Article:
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Group Project

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brhe berry

on 9 July 2013

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Transcript of Group Project

The Movie Industry

• Formats changed to enhance the viewing experience
• Post WW2: studios struggled, production cuts, decrease in movie releases
• Needed to differentiate theater experience from TV experience
• First wide-screen process introduced
• New interest in special effects
Changed from using traditional promotional items to materials that created psychological and emotional impact
• Saul Bass moved away from pictures of entire scenes and characters, to creating interesting visuals out of words and titles
• Bass recognized the importance of graphic art within marketing
• The Man with the Golden Arm (1955) combined jazz music with an animated moving arm as the 3-minute opening sequence
• “Motion picture photography was always about ten years behind” –Bass
• Vertigo, North by Northwest, Psycho

1950's : Theaters underwent change because of...
-The decree of the 1940's studios were
forced to spin off their theatre holdings
- The rise of the television made
theatre audiences less popular

General Cinema
- The Regional Theater Owner

Regional Entrepreneurs:
(to name a few)

Philip and Richard Smith (Boston)
William Forman (Los Angeles)
John Danz (Seattle)
Ben Marcus (Milwaukee)
Michael Naify (San Francisco)

General Cinema:
- chose not to take over old theaters
-began re-hiring ushers and door men to
attend to and greet movie-goers
- reorganize the importance of the mall
(specifically Phillip Smith-General Cinema Corporation)

Continued to success because:
-the return to old "showmanship"
- getting first-fun films for their theaters
** Mass general release (as we see it today)
-sale of concessions

The 1950's
The 1950's
"In Hollywood until the 1950's, the final decisions, great and small, were made by the front offices...The head of the studio or the vice president in charge of production had his way. No writer, no star, no director of that period had the full say" -Garson Kanin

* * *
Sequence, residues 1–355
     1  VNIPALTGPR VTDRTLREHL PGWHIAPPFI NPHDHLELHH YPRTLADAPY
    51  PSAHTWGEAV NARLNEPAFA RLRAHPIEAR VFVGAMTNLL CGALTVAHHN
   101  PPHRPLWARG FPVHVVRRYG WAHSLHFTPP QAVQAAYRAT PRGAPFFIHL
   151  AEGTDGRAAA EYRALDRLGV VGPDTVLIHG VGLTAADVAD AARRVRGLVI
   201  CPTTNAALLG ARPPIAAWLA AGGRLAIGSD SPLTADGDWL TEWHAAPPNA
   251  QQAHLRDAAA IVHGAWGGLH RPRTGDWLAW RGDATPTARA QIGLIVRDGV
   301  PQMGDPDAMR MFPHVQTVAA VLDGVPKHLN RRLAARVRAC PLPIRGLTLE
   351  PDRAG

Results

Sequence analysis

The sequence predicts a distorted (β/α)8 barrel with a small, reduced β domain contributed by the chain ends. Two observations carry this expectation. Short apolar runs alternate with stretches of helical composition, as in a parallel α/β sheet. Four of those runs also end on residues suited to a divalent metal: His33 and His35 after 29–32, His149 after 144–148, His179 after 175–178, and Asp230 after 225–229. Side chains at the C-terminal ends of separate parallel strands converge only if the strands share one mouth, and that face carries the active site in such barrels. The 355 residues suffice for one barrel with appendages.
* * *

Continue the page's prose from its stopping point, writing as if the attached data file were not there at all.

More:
The End Of an Era
•Early movie moguls gone
- Studio contract system ends
•Guilds and talent agents drive up big-budget film costs.

Rebels with a Cause
•High production costs
allow for the rise of youth
•Low-budget films about
rebellious teens,

•Films challenged the Production Code

•Victory for first amendment rights of motion pictures.
Breaking the Code
•Burstyn v. Wilson, 1952
•35 million Baby Boomers reach teen years
•A decade of change
•Movie audiences continue drop
•Under-30s audiences remain strong

•Cultural shift changed many aspects of film
•Production Code completely gone
•New rating system (MPAA, 1963) created
•“Home movie” craze
Young generation of future film students

•Most expensive movie of all time
•Films push social boundaries
•Lolita, The Apartment, To Kill A Mockingbird

Pushing the Limits of Message and Money
New Breed of Filmmaker
The 1960s and Cultural Change

• TV became an additional movie-release channel
• Major studies dominated, but ticket sales dwindled
• Competition from independent producers
• Drive-ins and boxy suburban theaters
• TV became secondary market for movies
• 1961 – NBC licensed past movie titles from 20th Century Fox
• Launched first weekly movie night
• Bidding wars
• Led to made-for-television movies
• 1966: Walt Disney died

Maurice Binder went to work in London to gain the British influence for a New Jersey based company where he was hired to create youthful marketing materials for the first James Bond movie
•Dr. No opened with a shot looking into a gun, to create a lasting impression on the audience
•TV graphics grew to be popular so filmmakers had no choice but to capture the audience in the same way
•A modern look for graphics was created by using abstract elements and playful animation
•The second James Bond movie, From Russia with Love, introduced the “short hook” concept into the movie world
•The “short hook” allowed for posters and trailers to act as teasers to movies and create buzz


:Stan Durwood and AMC Entertainment, Inc.
This is Cinerama
Mike Todd
September 30, 1952
Competition emerges
This is Cinerama
Rebirth of Widescreen Original aspect ratio
1:33:1 1950’s
Color Print Processes
Stefan Kudelski
Nagra Recorder

Concept: house multiple auditoriums in a
single location, thus the birth of multiplexes. The idea was to have the ability to screen multiples movies all at the same time

Durwood became the first to:
- design and build a multi-plex screen theater
-first to make place cup-holders in the arm rests

AMC became a powerful multiplex theater chain
-four or six screens
- automated systems (instead of projection booths)
-creation of stadium seating in theater's
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